Don’t suffer in silence; be open, be honest and always speak with love when setting ground rules.
I typically side with young parents and encourage grandparents to “zip it” and wait to be invited to share their child rearing advice. However, I do think there are a few situations involving grandchildren when grandparents are justified in setting the ground rules they expect to be followed.
Use of digital devices. Grandparents can decree “digital-free” zones and times in their own home, for example, banning texting and reading emails at their dinner table. And this includes everyone, especially the young parents, who are often the main offenders. If rebellion and threats skip to Sunday dinner arise, then so be it. Grandparents may have to be prepared to tolerate the use of the devices at others’ dinner tables, but they certainly don’t have to permit such rude behavior in their own home.
“We feel we’re seeing waaaaaaay too much of you.”
Dress. Grandparents should let their grandchildren know when they would like them to make different fashion choices when in their presence. I once advised a grand- father to say the following when his grand- daughter ignored his earlier requests to dress up a bit at family gatherings: “When you’re with us in our home, your grandmother and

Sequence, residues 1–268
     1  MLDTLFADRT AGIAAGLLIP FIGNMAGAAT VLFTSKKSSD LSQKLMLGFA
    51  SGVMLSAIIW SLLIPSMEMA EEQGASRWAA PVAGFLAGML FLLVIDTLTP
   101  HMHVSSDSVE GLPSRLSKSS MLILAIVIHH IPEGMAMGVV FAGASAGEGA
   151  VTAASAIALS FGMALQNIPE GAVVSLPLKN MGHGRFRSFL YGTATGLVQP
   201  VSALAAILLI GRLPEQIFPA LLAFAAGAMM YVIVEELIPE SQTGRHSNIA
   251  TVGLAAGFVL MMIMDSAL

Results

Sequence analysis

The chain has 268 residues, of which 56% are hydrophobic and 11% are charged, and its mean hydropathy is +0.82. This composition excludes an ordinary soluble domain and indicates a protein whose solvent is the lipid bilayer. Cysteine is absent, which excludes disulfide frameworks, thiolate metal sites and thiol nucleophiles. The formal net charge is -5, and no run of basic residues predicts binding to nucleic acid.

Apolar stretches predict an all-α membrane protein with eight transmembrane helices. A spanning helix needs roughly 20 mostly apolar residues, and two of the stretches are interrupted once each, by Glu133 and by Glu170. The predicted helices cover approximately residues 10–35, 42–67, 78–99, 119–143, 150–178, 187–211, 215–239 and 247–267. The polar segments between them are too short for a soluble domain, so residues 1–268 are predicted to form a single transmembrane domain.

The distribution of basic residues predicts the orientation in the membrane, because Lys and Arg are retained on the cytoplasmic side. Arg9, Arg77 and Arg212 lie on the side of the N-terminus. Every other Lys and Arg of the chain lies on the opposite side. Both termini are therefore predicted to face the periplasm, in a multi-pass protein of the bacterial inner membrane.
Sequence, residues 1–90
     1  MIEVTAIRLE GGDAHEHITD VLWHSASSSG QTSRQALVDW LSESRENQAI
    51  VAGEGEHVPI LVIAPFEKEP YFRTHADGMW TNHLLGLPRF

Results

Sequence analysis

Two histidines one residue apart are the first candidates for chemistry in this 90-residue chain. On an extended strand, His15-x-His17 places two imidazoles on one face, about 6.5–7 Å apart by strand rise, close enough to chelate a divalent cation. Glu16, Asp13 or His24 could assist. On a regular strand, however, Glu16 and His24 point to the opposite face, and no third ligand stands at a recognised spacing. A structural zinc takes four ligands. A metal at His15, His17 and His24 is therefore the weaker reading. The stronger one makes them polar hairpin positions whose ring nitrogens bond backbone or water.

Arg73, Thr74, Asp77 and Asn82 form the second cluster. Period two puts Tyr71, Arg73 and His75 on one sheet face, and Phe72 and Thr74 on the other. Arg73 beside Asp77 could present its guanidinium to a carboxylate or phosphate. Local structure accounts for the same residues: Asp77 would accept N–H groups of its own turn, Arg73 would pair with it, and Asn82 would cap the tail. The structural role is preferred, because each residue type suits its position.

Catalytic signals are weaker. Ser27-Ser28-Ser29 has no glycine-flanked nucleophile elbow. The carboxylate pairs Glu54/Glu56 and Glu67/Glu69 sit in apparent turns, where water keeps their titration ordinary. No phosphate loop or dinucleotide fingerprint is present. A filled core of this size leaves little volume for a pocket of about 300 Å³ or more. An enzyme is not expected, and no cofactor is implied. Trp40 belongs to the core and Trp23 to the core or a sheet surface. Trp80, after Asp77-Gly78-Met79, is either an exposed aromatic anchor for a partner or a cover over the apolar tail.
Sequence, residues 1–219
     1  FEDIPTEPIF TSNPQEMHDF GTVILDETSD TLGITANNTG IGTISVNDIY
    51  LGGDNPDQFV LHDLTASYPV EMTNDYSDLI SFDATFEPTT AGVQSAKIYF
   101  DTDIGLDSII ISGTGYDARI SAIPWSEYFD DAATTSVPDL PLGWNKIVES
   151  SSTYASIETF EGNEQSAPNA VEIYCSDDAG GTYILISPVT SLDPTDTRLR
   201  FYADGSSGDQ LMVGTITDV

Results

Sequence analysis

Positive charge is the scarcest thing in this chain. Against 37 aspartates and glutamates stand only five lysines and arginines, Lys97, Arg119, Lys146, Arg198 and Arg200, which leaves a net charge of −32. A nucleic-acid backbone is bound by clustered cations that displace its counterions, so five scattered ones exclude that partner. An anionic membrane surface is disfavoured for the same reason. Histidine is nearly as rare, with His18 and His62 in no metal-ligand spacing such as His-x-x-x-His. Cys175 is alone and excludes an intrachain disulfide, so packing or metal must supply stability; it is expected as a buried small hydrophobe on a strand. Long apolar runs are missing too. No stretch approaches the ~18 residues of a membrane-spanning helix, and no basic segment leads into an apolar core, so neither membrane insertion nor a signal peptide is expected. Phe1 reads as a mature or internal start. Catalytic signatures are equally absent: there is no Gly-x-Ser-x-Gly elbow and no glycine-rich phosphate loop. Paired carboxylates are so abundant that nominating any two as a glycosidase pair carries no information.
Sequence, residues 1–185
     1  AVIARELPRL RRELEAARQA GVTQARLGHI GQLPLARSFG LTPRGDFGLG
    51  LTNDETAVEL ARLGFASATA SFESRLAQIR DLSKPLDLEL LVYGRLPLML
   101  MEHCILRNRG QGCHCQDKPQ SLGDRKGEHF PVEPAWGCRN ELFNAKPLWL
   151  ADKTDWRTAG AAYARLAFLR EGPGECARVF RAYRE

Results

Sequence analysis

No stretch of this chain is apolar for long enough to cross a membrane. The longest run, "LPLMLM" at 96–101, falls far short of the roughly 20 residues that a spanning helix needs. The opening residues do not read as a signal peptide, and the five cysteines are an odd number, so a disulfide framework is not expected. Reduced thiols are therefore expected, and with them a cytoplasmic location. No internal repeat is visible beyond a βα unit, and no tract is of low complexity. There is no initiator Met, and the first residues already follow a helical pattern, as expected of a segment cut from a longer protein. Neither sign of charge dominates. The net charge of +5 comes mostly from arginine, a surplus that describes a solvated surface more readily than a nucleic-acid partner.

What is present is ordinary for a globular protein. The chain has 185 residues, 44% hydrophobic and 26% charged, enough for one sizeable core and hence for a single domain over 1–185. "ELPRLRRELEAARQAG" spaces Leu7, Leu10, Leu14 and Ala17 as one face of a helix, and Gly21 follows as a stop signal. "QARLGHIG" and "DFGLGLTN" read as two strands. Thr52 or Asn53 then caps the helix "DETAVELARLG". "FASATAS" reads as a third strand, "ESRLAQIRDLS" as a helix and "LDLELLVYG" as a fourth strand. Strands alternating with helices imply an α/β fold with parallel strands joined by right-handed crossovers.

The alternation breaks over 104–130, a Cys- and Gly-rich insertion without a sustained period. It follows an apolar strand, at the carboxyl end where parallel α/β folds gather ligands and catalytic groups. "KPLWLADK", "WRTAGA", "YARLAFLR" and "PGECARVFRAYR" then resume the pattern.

I would so appreciate it if you didn’t wear sausage-tight clothes and expose your gluteal cleft, breasts and cleavage, navel, and upper thighs. It makes us uncomfortable as we feel we’re seeing waaaaaaay too much of you.”
Their granddaughter immediately complied by dressing more conservatively when she visits her grandparents in their home, as well as when they visit in her home. Fashion rules may also apply to baseball hats at the dinner table or what they wear on social occasions, such as church or family reunions.
In these situations it is not uncommon for the grandchildren to point out that their parents don’t care how they dress, or if they are digitally connected at dinner. The grandparents can say: “We care, and this is between you and us. We have shared with you what is important to us when we’re together and we are counting on you to accommodate us. Thank you.”
Karen L. Rancourt, PhD, writes an advice column for parents and grandparents at Mommybites com and is the author of Ask Dr. Gramma Karen:Helping Young Parents and Grandparents Deal with Thorny Issues.